Cinnamon Nicole's GoFundMe Page For Powerball Reimbursement Shut Down After $810 Donated

Cinnamon Nicole was the name listed on a GoFundMe account titled "Powerball Reimbursement Fund" that certainly got a lot of attention. In the GoFundMe page's description, Cinnamon wrote about spending all of the Nicole Family money on Powerball tickets. Cinnamon wrote that she was in dire need of money, and asked that if folks gave her at least one dollar -- plus a GoFundMe like and a GoFundMe share, Nicole would shout them out as her "Man Crush Monday" or "Woman Crush Wednesday" on social media.

"Please help me and my family as we have exhausted all of our funds. We spent all of our money on lottery tickets (expecting to win the 1.5 billion) and are now in dire need of cash. With your small donation of at least $1.00, a like and one share, I'm certain that we will be able to pick ourselves up from the trenches of this lost and spend another fortune trying to hit it big again! PLEASE, won't you help a family in need. DONATE NOW.

****If you donate now, I will shout you out as my MCM or my WCW. Please find it in your heart to give to a family in need."

The most recent Google cache of the GoFundMe page from Cinnamon shows that Nicole's fundraising efforts had garnered $810 out of the requested $100,000 prior to the page being shut down.

Powerball loser
[Image via GoFundMe]Some of the donors' comments were downright funny.

cinnamon nicole
[Image via GoFundMe]As expected, that GoFundMe request from Nicole didn't go over well, with Cinnamon receiving all kinds of nasty comments on GoFundMe. Eventually, the GoFundMe page by Cinnamon was shut down, reports PIX11, due to what Media Director Kelsea Little said was a violation of GoFundMe's terms.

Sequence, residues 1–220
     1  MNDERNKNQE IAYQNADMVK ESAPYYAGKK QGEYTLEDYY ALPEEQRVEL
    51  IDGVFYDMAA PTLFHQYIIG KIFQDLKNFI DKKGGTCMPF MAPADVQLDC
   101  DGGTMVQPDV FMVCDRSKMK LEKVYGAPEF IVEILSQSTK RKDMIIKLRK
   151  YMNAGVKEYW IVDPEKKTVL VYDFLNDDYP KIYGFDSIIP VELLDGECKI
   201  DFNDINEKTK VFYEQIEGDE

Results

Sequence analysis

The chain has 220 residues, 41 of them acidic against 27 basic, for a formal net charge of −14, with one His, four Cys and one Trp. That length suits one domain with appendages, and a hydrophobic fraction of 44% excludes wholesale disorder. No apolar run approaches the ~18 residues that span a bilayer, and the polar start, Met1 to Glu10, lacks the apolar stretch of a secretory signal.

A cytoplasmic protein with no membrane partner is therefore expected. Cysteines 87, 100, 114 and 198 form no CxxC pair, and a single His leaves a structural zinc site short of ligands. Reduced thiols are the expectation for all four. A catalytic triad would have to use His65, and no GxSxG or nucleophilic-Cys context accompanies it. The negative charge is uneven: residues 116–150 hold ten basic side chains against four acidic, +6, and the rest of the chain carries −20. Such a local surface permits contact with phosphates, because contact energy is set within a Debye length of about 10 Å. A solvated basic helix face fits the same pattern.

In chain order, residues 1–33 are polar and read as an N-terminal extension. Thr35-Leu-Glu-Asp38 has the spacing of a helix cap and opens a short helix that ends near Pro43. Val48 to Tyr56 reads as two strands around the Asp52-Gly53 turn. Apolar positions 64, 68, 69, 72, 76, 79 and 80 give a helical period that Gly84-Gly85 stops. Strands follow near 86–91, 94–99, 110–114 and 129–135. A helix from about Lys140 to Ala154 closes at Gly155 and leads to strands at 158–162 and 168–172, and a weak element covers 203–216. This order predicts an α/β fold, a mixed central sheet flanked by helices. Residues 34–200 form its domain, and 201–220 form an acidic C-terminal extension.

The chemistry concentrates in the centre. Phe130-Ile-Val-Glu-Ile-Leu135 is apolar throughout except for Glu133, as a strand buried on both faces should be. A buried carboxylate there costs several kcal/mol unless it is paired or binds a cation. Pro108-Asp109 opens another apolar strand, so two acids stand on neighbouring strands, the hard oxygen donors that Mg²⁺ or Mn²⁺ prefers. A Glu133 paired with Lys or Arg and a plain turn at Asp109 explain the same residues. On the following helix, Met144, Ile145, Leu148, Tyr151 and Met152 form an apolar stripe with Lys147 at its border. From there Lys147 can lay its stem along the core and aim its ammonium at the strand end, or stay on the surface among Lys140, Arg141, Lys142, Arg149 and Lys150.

"The campaign in question was removed for a violation of GoFundMe's Terms & Conditions."
On Facebook, Cinnamon Nicole wrote that it was all a joke, with Cinnamon thanking people who came to her defense in the GoFundMe melee.
"Thank you to those that have actually commented and defended me on these post... That's what's up!!!! Y'all the real MVP's... If I'm forgetting someone let me know!!!!"
Nicole also wrote on Facebook that Cinnamon's account was under review, but that the backlash would stop her from moving forward.
"Fbf I can't even like/share anymore... My page is under review!!! I Thank all of you who actually stuck by me and stood up for me, I appreciate it. People are so quick to judge without knowing or even considering anything other than their point of view. But this ain't no serious post.... Continue to bash, scorn/ scandalize my name ‪#‎ItIsWhatItIs‬‪#‎GoFundMe‬‪#‎YallReallyUpsetThough‬"
On Instagram, Cinnamon appears to have stopped posting to one of her Instagram accounts years ago.

The GoFund me page by Nicole may have been a joke, as Cinnamon claims, or a real attempt to raise funds, but it's only the latest in a string of happenings after the big Powerball jackpot was won.

Earlier on Saturday, January 16, a scam website named claimed that Powerball winners John and Lisa Robinson were giving out $10,000 to a large number of folks, but that was deemed to be a hoax and a phishing scam, as reported by the Inquisitr.

Additional fallout from the Powerball record-setting jackpot included several people publishing photoshopped Powerball tickets to social media, claiming they had won the Powerball. Others promised to share their winnings with those who liked, commented, or favorited their social media postings. Cinnamon's seems to be the first GoFundMe page gone viral that asked for a Powerball reimbursement.

Whatever Cinnamon's original intention for setting up her Powerball reimbursement page on GoFundMe, the page surely went viral in a way that Nicole likely didn't expect.

[Image via GoFundMe]